This would be the death nail in the Imperial Church system. The Imperial Church System is built on the idea that the king/emperor can appoint bishops and abbots, usually from his own chancery. In particular the emperor would invest the bishop or abbot into his worldly possessions, i.e., the lands and counties that had been granted to him by the emperors long ago. Thanks to that investiture the bishops in particular were obliged to provide the military and financial resources to support the regime. You may remember that already under emperor Otto II, 100 years earlier, nearly 2/3 of the imperial army in Italy was provided by the Imperial church. By now this number is in all likelihood even larger since church had received even more land and privileges from the intervening emperors.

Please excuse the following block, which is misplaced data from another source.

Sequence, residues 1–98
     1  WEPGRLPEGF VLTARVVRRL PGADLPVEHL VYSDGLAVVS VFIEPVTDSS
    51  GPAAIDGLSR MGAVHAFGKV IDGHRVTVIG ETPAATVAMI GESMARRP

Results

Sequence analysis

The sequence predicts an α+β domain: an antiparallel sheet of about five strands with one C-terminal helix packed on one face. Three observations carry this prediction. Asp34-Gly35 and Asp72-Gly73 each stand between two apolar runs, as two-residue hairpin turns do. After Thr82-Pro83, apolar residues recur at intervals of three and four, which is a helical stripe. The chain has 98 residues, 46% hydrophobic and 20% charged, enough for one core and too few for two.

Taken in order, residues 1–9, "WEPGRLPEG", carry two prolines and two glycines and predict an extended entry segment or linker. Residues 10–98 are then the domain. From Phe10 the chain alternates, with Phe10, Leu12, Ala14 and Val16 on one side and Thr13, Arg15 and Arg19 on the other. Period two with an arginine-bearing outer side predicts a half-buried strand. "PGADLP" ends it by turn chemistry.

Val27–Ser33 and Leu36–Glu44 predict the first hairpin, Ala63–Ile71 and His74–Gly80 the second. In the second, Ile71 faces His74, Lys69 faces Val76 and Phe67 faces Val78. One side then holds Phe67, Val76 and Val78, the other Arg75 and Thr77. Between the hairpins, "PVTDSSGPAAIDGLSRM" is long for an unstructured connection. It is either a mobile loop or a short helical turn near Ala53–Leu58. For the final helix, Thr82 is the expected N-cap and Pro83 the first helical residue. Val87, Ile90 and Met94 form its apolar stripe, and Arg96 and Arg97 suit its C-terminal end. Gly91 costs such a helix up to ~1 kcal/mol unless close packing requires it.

I did say last episode that Henry IV had lost faith in the reliability of the Imperial Church system, which is not a surprise having watched Anno of Cologne plundering the imperial purse. But that does not mean he could afford to give up on it. His territorial power in Goslar was clearly no match for his enemies as we have seen. And reliance on his magnates was not really an option, since they did effectively what they wanted.

d suggested it as far back as:

Things came to a head over the investiture of the archbishop of Milan. Milan had been internal turmoil since the days of the Valavassores uprising under Konrad II. It was the largest city in europe and the most economically advanced, which meant they were about 50 to 100 years ahead of their time when it came to social and political developments.

Since about: